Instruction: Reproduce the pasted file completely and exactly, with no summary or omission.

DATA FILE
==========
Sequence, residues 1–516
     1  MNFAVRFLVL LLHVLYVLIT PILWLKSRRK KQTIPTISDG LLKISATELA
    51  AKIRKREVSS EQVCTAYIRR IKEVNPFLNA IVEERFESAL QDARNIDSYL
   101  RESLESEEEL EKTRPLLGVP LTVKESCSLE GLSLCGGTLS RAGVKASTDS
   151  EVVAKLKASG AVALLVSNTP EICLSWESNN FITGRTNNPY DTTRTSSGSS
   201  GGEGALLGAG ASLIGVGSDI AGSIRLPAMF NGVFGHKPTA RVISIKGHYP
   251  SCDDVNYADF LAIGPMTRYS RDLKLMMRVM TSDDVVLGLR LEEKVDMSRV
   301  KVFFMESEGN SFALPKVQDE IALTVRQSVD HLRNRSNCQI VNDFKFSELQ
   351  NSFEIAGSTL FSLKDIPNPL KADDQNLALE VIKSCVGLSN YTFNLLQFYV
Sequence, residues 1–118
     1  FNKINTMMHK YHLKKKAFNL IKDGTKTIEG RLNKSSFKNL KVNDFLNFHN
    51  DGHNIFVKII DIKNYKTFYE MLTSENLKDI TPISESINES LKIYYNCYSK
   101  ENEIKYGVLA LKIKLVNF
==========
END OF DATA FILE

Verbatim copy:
Sequence, residues 1–516
     1  MNFAVRFLVL LLHVLYVLIT PILWLKSRRK KQTIPTISDG LLKISATELA
    51  AKIRKREVSS EQVCTAYIRR IKEVNPFLNA IVEERFESAL QDARNIDSYL
   101  RESLESEEEL EKTRPLLGVP LTVKESCSLE GLSLCGGTLS RAGVKASTDS
   151  EVVAKLKASG AVALLVSNTP EICLSWESNN FITGRTNNPY DTTRTSSGSS
   201  GGEGALLGAG ASLIGVGSDI AGSIRLPAMF NGVFGHKPTA RVISIKGHYP
   251  SCDDVNYADF LAIGPMTRYS RDLKLMMRVM TSDDVVLGLR LEEKVDMSRV
   301  KVFFMESEGN SFALPKVQDE IALTVRQSVD HLRNRSNCQI VNDFKFSELQ
   351  NSFEIAGSTL FSLKDIPNPL KADDQNLALE VIKSCVGLSN YTFNLLQFYV
Sequence, residues 1–118
     1  FNKINTMMHK YHLKKKAFNL IKDGTKTIEG RLNKSSFKNL KVNDFLNFHN
    51  DGHNIFVKII DIKNYKTFYE MLTSENLKDI TPISESINES LKIYYNCYSK
   101  ENEIKYGVLA LKIKLVNF